However, the point remains Americans can’t travel legally to Cuba, unless through an OFAC licensed tour; or other nationalities for that matter, if traveling from the US. The only way would be through the back door, via Canada, or Mexico, at your own risk.
I had my own concerns surrounding this type of trip. How would I genuinely experience Cuba on a fully scheduled tour, with 20 other people? Surely, as a dual-citizen, I could find other ways to come independently. I soon found out, that this was in fact perhaps the best way to do it.
What usually sucks on group tours – given you don’t know anyone beforehand, and if you’re traveling unaccompanied as I was – are group dynamics, lack of freedom, and a certain routine. In my case, none of these were an issue.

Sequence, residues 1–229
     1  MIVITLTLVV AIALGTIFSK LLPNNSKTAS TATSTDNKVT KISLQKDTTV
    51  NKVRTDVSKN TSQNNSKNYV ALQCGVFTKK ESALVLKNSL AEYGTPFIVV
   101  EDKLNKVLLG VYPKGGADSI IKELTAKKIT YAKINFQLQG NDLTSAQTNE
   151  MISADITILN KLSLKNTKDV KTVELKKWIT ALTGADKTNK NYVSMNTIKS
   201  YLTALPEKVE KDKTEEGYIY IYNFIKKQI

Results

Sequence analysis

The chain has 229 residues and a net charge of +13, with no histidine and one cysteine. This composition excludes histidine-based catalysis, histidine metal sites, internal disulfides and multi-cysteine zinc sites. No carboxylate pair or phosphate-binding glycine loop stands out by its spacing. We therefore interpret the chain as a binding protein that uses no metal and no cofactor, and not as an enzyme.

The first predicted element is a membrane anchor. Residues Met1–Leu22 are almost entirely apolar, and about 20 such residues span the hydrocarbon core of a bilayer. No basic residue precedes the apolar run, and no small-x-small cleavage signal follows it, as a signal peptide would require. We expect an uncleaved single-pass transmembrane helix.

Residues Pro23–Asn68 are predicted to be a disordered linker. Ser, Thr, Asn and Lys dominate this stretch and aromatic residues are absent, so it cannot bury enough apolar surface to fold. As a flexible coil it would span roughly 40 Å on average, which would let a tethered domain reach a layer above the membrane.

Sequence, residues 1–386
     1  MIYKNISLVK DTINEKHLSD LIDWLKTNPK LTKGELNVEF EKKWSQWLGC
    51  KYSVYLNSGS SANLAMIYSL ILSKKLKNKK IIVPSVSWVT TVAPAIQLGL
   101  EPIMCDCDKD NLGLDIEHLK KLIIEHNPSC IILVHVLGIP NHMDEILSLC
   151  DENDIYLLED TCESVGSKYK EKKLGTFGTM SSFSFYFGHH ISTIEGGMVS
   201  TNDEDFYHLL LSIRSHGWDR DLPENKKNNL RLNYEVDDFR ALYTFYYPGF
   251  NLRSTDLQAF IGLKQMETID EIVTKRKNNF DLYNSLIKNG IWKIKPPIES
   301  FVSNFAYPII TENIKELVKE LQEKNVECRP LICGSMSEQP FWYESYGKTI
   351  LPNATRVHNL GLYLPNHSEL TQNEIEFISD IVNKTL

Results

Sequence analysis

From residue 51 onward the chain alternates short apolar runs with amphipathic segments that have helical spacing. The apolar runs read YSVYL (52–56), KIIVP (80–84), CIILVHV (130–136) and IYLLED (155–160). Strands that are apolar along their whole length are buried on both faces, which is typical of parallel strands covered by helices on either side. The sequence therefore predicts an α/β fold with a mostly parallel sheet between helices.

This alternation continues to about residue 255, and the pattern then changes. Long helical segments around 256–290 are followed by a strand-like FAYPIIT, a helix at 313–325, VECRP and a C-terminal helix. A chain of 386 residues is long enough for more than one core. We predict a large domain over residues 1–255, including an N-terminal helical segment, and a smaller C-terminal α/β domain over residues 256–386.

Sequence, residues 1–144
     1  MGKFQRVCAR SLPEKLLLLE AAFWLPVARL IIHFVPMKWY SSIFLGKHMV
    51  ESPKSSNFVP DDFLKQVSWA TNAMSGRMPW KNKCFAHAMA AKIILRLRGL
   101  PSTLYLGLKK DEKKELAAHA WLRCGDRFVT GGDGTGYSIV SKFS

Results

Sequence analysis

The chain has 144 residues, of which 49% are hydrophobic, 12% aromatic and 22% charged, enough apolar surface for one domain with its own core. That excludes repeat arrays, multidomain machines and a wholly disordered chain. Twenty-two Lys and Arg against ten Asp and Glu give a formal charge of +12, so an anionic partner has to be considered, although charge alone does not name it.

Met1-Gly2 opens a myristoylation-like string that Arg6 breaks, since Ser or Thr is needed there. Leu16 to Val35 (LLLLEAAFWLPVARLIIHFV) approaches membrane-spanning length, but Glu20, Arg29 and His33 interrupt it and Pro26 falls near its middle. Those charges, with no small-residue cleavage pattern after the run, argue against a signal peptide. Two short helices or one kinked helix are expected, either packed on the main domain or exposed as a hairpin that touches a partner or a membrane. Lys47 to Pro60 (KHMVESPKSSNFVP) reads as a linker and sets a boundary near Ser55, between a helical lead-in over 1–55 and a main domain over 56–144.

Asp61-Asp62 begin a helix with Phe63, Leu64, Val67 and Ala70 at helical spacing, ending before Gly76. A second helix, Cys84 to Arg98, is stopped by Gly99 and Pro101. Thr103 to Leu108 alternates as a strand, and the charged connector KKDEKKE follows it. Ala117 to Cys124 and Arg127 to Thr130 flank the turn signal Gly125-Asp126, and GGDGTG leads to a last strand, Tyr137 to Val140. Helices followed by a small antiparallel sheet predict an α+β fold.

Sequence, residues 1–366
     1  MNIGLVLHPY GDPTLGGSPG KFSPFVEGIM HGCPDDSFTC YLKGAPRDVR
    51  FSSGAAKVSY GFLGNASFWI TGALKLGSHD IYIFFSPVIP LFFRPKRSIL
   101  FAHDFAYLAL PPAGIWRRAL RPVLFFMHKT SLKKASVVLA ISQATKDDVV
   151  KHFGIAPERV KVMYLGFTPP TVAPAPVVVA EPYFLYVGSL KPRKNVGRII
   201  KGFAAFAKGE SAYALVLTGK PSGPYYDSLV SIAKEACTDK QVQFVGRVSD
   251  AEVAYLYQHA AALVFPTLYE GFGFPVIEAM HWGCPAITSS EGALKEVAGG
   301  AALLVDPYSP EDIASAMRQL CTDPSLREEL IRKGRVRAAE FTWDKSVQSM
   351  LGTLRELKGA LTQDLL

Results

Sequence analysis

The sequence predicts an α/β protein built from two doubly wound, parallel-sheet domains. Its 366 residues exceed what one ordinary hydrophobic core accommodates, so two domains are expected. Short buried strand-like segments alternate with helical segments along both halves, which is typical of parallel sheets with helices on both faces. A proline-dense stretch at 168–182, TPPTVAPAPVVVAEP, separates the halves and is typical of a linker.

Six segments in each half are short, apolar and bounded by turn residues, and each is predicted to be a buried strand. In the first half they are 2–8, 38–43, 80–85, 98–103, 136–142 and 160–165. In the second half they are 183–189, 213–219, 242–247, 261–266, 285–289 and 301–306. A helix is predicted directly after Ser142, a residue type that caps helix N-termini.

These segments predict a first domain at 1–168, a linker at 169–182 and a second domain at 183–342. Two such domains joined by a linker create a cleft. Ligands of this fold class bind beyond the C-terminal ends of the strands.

1. Group dynamics – I had the great luck and honor to travel with a very well traveled group of individuals, cultured, easy-going and with a sense of humor. Most of them had traveled far and wide in the world – and thus had my full respect – and some were at their multiple trip to Cuba. Many were interested in the political aspects surrounding the island, and so, I was in for a two-week intense boot camp, of learning both from the local Cubans we met along the way, as well as from my fellow travelers. I was by far the youngest, in most cases, by decades. but somehow, after the first day, I didn’t even think of it.